Demonstration Lessons

Demonstration Class Tips

Teaching a demonstration class can feel intimidating, even for an experienced teacher.  Keep in mind that the school knows the situation is artificial, and will take your level and kind of experience into consideration when evaluating your lesson.  Also remember that in most cases, students in a demo class will rise to the occasion, co-operate easily and respond well.

You’ll be asked either to teach a lesson that fits into what the class is studying, or to do a stand-alone lesson, perhaps related to but not part of the current curriculum. 

Here are some pointers on preparing your lesson:

1.  Ask if you can visit a class before your demonstration lesson.  If possible, visit before the day of your lesson, so you can use what you observe to help you plan. 

2. While independent schools vary in teaching philosophies, most schools are looking for the following capabilities in prospective teachers:

         •the ability to relate positively to students

         •an in-depth knowledge of subject matter

         •an understanding of the needs of the particular age of students

         •the ability to engage students and to inspire interest in the subject

         •the ability to foster critical thinking

         •clarity of instruction

3.  While command of subject matter is important, for most schools what matters most is the ability to develop positive relationships with students. Given this, it’s best to plan a lesson that is to some degree interactive in nature.   Keep the importance of positive rapport in mind, and don’t get so focused on showing your knowledge of the subject that you don’t communicate your liking of students.

4.  Find out as much as you can about the class you’ll teach:  what the students have already studied, typical class routines and formats, how students usually behave. Ask to talk to the teacher of the class, as this person will have the best information. Be aware, though, that all teachers are busy.  You should probably limit yourself to a total of two contacts with the teacher about your preparations.

5.  Make sure you know the basic facts about the class: level, size, length of the class period, classroom layout.  Get copies of the text or materials the students use. If you need any classroom equipment or technology for your lesson, ask about its availability and reliability.

6.  In planning your lesson, ask yourself what the goal of the lesson is.  What do you want students to take away from the lesson?  Then ask yourself whether and how the lesson you plan will achieve that goal.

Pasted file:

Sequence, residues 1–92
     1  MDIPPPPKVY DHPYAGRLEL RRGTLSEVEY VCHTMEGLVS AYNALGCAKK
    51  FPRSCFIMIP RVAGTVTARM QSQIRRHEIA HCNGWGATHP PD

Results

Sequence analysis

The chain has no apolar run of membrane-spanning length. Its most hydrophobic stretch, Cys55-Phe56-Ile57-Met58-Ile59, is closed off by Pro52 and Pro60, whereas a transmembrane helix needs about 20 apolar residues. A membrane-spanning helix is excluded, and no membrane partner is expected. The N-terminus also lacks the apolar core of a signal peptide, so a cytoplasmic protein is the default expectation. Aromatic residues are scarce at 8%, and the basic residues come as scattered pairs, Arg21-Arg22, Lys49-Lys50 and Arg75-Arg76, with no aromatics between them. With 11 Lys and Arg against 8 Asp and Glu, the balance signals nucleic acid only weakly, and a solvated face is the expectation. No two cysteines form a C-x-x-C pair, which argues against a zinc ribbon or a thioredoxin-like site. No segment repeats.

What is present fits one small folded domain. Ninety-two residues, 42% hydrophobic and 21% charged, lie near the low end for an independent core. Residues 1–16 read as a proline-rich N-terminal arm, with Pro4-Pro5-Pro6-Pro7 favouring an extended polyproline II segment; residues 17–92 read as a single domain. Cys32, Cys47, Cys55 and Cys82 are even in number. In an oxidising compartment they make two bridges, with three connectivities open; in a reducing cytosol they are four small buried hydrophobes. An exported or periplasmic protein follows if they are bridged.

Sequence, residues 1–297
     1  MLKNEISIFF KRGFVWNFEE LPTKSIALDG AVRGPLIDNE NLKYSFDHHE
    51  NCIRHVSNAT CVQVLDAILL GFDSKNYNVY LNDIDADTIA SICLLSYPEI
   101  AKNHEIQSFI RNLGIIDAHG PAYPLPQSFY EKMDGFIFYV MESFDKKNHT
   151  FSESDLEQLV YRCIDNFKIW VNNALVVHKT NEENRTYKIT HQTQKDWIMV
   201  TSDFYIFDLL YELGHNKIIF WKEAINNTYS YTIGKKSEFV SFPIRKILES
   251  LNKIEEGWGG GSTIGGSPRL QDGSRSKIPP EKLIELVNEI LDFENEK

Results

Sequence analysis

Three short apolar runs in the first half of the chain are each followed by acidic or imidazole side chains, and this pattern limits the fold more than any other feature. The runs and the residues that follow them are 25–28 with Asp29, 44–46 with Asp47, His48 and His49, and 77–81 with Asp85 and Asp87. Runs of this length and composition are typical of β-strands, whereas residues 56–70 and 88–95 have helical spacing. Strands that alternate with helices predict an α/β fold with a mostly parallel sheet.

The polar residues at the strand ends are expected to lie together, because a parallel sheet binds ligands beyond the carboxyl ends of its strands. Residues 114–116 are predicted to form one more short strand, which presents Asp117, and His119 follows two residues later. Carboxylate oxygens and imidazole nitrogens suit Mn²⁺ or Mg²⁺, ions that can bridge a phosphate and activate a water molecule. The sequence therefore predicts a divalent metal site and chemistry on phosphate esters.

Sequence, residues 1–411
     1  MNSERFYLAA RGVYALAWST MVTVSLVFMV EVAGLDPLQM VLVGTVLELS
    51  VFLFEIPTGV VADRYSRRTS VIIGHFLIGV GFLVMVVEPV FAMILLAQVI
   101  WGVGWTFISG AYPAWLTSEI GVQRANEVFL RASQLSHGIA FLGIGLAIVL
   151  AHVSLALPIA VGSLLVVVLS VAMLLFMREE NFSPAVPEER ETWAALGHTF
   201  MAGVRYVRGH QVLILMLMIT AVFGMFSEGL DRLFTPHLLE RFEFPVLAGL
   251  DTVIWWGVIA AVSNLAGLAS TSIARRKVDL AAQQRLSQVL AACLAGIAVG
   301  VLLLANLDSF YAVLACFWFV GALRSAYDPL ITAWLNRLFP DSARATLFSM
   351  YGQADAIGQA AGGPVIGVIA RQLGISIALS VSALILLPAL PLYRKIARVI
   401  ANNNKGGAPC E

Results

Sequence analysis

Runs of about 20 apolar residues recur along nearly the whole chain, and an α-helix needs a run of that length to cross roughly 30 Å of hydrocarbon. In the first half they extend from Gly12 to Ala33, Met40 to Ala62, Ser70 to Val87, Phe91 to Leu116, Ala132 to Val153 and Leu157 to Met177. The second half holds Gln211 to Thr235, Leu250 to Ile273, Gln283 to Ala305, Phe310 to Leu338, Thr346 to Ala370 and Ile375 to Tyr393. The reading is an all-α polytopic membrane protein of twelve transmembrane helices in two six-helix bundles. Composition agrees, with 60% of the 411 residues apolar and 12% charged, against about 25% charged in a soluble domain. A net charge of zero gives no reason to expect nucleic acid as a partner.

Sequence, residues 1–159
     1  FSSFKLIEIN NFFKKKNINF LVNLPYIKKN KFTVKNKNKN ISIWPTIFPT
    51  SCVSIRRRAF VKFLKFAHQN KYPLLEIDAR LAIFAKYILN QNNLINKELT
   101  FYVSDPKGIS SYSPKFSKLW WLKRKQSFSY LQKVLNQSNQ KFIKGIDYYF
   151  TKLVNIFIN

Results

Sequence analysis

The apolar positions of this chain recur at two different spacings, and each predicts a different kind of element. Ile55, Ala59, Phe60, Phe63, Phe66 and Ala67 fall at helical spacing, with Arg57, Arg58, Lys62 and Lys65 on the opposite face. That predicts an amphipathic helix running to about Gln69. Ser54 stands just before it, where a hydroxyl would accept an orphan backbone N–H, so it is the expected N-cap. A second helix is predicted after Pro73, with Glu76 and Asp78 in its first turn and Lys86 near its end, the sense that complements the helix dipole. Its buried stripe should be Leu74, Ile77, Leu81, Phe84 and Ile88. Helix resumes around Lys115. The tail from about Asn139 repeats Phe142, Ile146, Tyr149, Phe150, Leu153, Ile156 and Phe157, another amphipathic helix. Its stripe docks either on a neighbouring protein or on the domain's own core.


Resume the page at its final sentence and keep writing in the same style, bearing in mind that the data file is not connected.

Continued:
7. Make sure you plan your lesson with the age of the students in mind.   Keep in mind that younger students benefit from a change of activities during the lesson.

8. After you’ve decided on the content and structure of your lesson, plan it in segments, allotting a time to each piece.  Then go through your plan by segment, imagining how students will respond and how long their responses will take.  Be as specific and realistic as possible in estimating times for each piece of the lesson.

9. If possible, communicate your plan to the teacher of the class (email or phone) and ask that person if she/he thinks your plan is realistic and effective. 

10.  Once you have a detailed plan, think a bit about what you’ll do if the students respond differently than you anticipate. What might you do if the students are so enthusiastic that their responses take longer than you planned?  What if they are more reticent?  What if they seem to understand so quickly that the lesson moves more rapidly than you anticipate?

11.  Since one of your goals is to show how you interact with students, it will be helpful to be able to use students’ names when calling on them. You can ask if the students could wear nametags during your demo, or you can simply ask each student, at the beginning of class, to take out a piece of notebook paper, write her/his name on it in big print, and fold it in half so that it stands up on the desk.

12.  After your demo lesson, you may be asked to comment both on the students and your lesson.  If you were to reteach the lesson to a similar group, would you do anything differently?  As part of this conversation, ask for feedback on your lesson, and for any suggestions the observer might have.

13.  Some basic reminders: 

•Allow extra time and arrive at the school early.  You don’t want to worry about being late, and you can use the extra minutes to observe the school in action. 

•If you need to copy materials for distribution, do this before you arrive at the school.  Include some extras for the observers. 

14.  Before you leave, state your interest in the position and the school, and ask about the timing of the hiring decision.